How to Use Content + Social Media for Link Building
Establish Yourself on Social Networks
Whether you are sending out standard link requests, link exchange requests (not advised, but still happens), guest post requests, or any other types of link building correspondence, you will have more success if the webmasters and bloggers see you as a real person, not a nameless, faceless link builder. Simply including a link to your Twitter or Google+ profile in an email signature adds a personal element to your request, giving the recipient a chance to check you out and learn more about you.
For email recipients using Gmail, this is especially true as emails are connected to Google+ profiles, making it easy for Gmail users to spot a real person vs. someone who is using a throwaway email. Note that your Google+ profile picture and latest updates make a big difference for Gmail users – just having an account doesn’t cut it as this is what they will get.
Build a Network of Bloggers
As you are building your social audience on Twitter, Google+, and other networks you set up, aim for bloggers in verticals that align with the websites you are building links to. Google likes editorial links, and there’s no better in-content link than those that come naturally from bloggers. Note that I didn’t say blog networks like the ones Google has shut down lately, but links from real bloggers.
Aim for bloggers that are active on Twitter, retweet others often, and engage directly with others. You can start your search using the Followerwonk profile search for your vertical keywords plus blogger, blog, etc.
You can perform a similar keyword search to find blogging connections on Google+. As you build this audience, be sure to engage with them and retweet / share their posts often. The more bloggers that have you on their radar, the more links you are likely to receive.
Create Content for Particular Social Networks
The more social visibility you get on social networks, the better your chances are of getting links to your content. Try creating content in your verticals that will be instant winners on particular social networks like The Top 50 People Tweeting About _____ and 25 Great Google+ Communities on _____. Topics like those tend to do well on their related social network.
Make Your Content Shareworthy
Don’t just expect your content to do well based on your own promotion. Help your content out by making it easily shareable on social networks by using social sharing buttons. WordPress users can install the Digg Digg plugin to quickly add a variety of social sharing buttons to their posts and pages. No matter what you use, make sure your plugin includes the official Twitter, Facebook, and Google +1 button.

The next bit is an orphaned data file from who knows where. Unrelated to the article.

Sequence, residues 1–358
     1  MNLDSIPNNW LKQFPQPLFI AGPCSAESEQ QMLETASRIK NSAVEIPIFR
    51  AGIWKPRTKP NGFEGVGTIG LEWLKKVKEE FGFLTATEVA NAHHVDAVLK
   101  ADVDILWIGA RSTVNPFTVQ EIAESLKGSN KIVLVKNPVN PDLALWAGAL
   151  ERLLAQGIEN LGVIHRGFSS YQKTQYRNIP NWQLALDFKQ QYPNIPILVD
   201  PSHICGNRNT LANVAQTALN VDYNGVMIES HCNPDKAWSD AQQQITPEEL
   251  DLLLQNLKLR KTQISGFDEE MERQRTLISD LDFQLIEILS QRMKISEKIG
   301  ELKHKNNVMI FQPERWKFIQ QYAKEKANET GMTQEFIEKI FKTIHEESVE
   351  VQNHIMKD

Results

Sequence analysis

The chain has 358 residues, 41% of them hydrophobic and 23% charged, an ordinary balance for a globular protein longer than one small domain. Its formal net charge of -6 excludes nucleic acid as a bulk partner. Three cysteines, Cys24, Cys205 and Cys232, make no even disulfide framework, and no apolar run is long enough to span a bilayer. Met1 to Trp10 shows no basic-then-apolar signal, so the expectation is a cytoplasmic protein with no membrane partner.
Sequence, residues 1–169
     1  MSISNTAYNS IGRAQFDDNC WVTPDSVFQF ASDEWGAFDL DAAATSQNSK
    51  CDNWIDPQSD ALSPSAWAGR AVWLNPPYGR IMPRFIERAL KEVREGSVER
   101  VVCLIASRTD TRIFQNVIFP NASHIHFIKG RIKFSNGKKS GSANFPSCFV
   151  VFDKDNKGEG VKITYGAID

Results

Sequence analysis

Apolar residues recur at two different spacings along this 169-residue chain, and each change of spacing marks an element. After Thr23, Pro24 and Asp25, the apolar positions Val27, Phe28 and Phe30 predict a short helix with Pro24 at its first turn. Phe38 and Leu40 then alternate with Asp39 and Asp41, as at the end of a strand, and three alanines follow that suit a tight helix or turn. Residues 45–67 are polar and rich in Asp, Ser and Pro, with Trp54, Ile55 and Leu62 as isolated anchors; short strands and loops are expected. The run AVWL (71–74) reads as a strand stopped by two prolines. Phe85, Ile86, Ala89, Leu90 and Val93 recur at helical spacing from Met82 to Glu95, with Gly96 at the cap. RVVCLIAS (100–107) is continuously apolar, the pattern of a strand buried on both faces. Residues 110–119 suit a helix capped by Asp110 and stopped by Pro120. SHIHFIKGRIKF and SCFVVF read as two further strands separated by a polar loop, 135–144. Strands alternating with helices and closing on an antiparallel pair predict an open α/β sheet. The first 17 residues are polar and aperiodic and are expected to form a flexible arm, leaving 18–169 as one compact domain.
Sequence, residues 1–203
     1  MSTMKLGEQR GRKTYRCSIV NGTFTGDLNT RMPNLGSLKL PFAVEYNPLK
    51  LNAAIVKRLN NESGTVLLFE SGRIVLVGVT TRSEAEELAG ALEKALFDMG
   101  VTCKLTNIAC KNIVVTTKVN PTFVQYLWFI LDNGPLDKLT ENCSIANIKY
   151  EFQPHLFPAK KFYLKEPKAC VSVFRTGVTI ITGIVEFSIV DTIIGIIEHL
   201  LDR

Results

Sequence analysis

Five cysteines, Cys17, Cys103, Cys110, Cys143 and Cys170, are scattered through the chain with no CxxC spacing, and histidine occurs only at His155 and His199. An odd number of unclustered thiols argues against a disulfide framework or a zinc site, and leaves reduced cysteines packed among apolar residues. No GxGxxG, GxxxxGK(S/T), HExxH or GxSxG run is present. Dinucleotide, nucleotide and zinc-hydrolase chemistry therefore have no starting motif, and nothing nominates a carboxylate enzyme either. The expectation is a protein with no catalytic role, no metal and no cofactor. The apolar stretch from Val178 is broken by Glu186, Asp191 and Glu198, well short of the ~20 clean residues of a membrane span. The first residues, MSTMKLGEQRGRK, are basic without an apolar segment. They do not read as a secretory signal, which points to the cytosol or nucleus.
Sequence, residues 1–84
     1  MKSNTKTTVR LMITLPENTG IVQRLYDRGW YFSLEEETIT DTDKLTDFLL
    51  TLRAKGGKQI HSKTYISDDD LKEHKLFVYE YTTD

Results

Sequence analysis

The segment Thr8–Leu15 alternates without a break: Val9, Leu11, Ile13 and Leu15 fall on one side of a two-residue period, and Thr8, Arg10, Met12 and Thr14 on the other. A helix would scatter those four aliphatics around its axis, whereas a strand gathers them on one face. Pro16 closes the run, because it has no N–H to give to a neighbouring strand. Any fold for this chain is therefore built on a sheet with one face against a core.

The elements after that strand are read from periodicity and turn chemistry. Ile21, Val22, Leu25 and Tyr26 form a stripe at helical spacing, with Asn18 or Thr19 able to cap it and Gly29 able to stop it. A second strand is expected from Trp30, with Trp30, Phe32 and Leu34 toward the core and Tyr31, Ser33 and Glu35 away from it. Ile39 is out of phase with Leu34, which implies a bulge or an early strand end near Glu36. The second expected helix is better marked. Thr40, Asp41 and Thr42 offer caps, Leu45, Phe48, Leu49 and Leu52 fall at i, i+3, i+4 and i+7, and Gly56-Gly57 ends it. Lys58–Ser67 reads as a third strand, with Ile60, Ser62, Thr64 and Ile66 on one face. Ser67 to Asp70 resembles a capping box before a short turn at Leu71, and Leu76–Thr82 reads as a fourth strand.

Share in Social Network Groups
Expand the reach of your content even further by sharing your content in social network groups – Facebook groups, LinkedIn groups, and Google+ communities in particular. Check the rules or latest activity for the groups you join first. If you see lots of content sharing, and those shares tend to have reactions (likes, +1’s, comments, reshares, etc.), then it’s a safe bet that the content you share (assuming it’s relevant and quality) will get noticed.
While there are many tools to post updates to your social media accounts, there aren’t many to post to social groups. Oktopost is a great tool to post status updates to LinkedIn groups and see click stats. PlumSocial supposedly helps you update your Facebook groups, but their website is confusing and their own Facebook is auto-updated and covered in spam, so I can’t guarantee this is a legit tool.
Find the bloggers who post regular recap posts like the examples above and really start engaging with them. If you create quality content, chances are those bloggers will start to notice your content and will start to link to you.
If you get to know the blogger behind the recap really well, and you have a piece of content that you know they will love, you can even make a personal request via their contact form to consider your content for their next recap. Aim to send your request as soon as your content starts getting social traction from other social promotion. This way, the blogger will see that the content has a lot of shares already, making it irresistible for their recap.
See How Social Affects Links
So does creating link worthy content and then promoting it on social media really help increase the number of links to your website? Now you can find out. CognitiveSEO has added social visibility analysis that looks at your number of incoming referring domains vs. the social shares of your pages on Twitter, Facebook, and Google+.
You will also find charts for the total number of social shares your website has received, the pages with an increased number of social shares within a specific time period, the pages with the most number of social shares throughout your website, and the individual networks vs. referring domains. You can also sort a full chart by number of shares each social network and referring domains.
This can help you determine if ongoing social sharing is making a difference on your link profile. It can also help you easily monitor the success of your content on social media.